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Popular Science Monthly/Volume 3/September 1873/Editor's Table

EDITOR'S TABLE.

 
AIMS OF SCIENTIFIC EDUCATION

IN a leading article on "The Proper Study of Mankind," the Nation recently entered a protest against scientific education; and, as we think it gave its influence to strengthen a current misconception on the subject, it will be in our way to offer a few words of reply.

It is a common opinion, and one which the advocates of the old system of study do all they can to maintain, that Science means merely the physical sciences, which treat of heat, light, electricity, chemical substances, and rock formations; that the value of scientific knowledge consists in its application to arts and industries, by which wealth can be accumulated; and that scientific education simply means the extension of mining, engineering, medical and agricultural schools, while its advocates would be glad to have these overrun the country, and root out all other educational institutions. In other words, the friends of scientific education are constantly charged with being animated by a narrow and sordid utilitarianism. We protest against this view as a gross misrepresentation. Science is not a mere acquaintance with physical things—it is a method of knowing, and is as comprehensive as the phenomena of the world we live in. It is not merely knowledge, it is the most perfect form of knowledge, upon all subjects which it is possible to know. Science is the investigator of Truth––truths of all orders, and by all the mental operations through which truth can be established. The first fact about knowledge is, that it grows; it begins in the common observations and reflections of untaught minds, and gradually develops into clearness, certainty, and precision; is it grovelling utilitarianism to demand that the highest and most perfect forms of knowledge shall be employed in the work of mental cultivation? But few can now be found who will deny that the study of the sciences has great value for mental discipline, and we hazard little in saying that, if pursued systematically, they are capable of giving the mind a training that is more varied and complete than that afforded by any other class of studies. That the influential and representative advocates of scientific education rest its claims upon any grounds of mere selfish utility is not true. No class of men protest more vehemently than they against such low and unworthy motives. They certainly believe in the value of knowledge, and in the eminent value of scientific knowledge; but they hold to a broader and more liberal culture than their adversaries; for, while not rejecting the study of the past, they would enlighten and vivify it by a deeper knowledge of the present. Nor is it true that they are the enemies of literary studies, although the writer in the Nation makes them say of the student, "Literature he had better let alone." But they protest against what Dr. Whewell calls the "narrow and enfeebling education" of an exclusive literary culture; and they demand such a restriction of it as will allow room and time for more solid acquisitions and a proper discipline of the faculties that literature neglects. The strongest advocates of scientific education urge increasing attention to the study of English literature; and, more than that, many of them prove, by their fine command of the language, that they have by no means themselves neglected it.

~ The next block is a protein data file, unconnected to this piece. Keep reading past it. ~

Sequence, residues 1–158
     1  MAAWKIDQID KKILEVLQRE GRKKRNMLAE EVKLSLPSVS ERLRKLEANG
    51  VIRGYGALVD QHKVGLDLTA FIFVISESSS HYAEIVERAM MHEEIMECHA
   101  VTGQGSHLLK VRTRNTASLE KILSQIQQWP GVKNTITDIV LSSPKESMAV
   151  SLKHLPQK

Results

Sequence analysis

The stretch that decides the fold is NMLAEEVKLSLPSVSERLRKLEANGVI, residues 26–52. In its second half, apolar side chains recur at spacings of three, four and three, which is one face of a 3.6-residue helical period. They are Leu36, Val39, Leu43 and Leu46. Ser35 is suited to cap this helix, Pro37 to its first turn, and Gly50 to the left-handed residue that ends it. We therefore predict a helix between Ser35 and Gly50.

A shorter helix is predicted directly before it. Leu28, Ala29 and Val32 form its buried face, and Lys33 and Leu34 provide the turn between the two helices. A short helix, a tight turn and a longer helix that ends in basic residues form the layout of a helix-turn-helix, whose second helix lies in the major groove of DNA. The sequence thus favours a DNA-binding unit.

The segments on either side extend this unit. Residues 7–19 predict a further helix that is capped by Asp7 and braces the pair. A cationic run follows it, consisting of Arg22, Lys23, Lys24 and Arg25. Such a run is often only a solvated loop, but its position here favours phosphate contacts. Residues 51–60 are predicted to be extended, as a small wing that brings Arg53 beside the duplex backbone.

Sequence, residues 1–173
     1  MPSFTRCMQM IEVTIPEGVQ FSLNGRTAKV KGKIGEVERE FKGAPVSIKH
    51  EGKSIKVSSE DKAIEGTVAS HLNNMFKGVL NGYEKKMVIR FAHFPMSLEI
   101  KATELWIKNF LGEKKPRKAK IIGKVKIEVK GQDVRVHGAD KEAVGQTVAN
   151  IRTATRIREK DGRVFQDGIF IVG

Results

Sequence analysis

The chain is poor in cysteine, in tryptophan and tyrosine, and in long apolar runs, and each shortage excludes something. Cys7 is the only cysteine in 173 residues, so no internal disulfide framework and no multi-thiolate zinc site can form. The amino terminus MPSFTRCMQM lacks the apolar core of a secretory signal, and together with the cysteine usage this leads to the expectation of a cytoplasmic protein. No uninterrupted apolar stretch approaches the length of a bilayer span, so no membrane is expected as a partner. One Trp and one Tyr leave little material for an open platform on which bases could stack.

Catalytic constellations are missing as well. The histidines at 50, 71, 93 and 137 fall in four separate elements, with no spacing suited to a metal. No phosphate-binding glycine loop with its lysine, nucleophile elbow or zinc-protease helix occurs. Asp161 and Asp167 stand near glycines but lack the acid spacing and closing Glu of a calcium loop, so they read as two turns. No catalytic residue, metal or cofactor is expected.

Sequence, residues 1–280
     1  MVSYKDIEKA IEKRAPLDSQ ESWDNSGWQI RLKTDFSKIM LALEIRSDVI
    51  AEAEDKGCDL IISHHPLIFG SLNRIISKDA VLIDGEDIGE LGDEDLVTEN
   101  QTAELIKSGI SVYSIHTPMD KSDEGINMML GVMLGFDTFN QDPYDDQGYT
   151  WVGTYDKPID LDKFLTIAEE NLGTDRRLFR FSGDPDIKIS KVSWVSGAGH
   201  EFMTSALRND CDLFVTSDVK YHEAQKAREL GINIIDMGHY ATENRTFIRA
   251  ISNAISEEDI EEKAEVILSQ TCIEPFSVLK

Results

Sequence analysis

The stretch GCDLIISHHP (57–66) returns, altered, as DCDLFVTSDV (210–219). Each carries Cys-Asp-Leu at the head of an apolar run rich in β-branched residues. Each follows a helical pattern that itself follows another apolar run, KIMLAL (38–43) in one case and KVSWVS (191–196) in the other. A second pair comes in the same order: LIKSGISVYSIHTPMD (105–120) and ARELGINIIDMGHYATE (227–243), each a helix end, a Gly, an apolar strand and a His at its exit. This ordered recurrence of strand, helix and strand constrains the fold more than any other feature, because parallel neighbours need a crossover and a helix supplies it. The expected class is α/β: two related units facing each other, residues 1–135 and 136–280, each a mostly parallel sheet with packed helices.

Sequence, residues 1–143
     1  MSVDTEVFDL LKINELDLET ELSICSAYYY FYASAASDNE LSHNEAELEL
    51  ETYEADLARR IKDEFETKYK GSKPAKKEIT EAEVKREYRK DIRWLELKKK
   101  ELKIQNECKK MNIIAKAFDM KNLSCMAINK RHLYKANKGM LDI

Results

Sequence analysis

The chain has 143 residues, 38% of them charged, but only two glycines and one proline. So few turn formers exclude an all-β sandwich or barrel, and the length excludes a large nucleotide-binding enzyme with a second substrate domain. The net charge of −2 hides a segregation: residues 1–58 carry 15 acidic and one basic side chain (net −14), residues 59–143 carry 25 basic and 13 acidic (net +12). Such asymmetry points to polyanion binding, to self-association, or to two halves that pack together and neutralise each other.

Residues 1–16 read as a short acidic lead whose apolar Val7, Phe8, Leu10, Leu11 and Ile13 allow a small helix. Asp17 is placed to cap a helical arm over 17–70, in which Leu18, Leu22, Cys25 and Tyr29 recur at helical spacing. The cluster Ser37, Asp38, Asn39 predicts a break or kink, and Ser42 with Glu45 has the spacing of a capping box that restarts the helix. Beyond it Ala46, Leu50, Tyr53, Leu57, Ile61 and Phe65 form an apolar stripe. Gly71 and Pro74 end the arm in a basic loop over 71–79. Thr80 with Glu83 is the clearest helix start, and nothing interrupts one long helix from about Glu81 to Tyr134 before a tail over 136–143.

And the writer in the Nation not only reaffirms the current error that scientific education can only afford a narrow, utilitarian culture, but his main point is that it breaks down in presence of the higher human interests in which we are all mainly concerned. He declares of its expositors: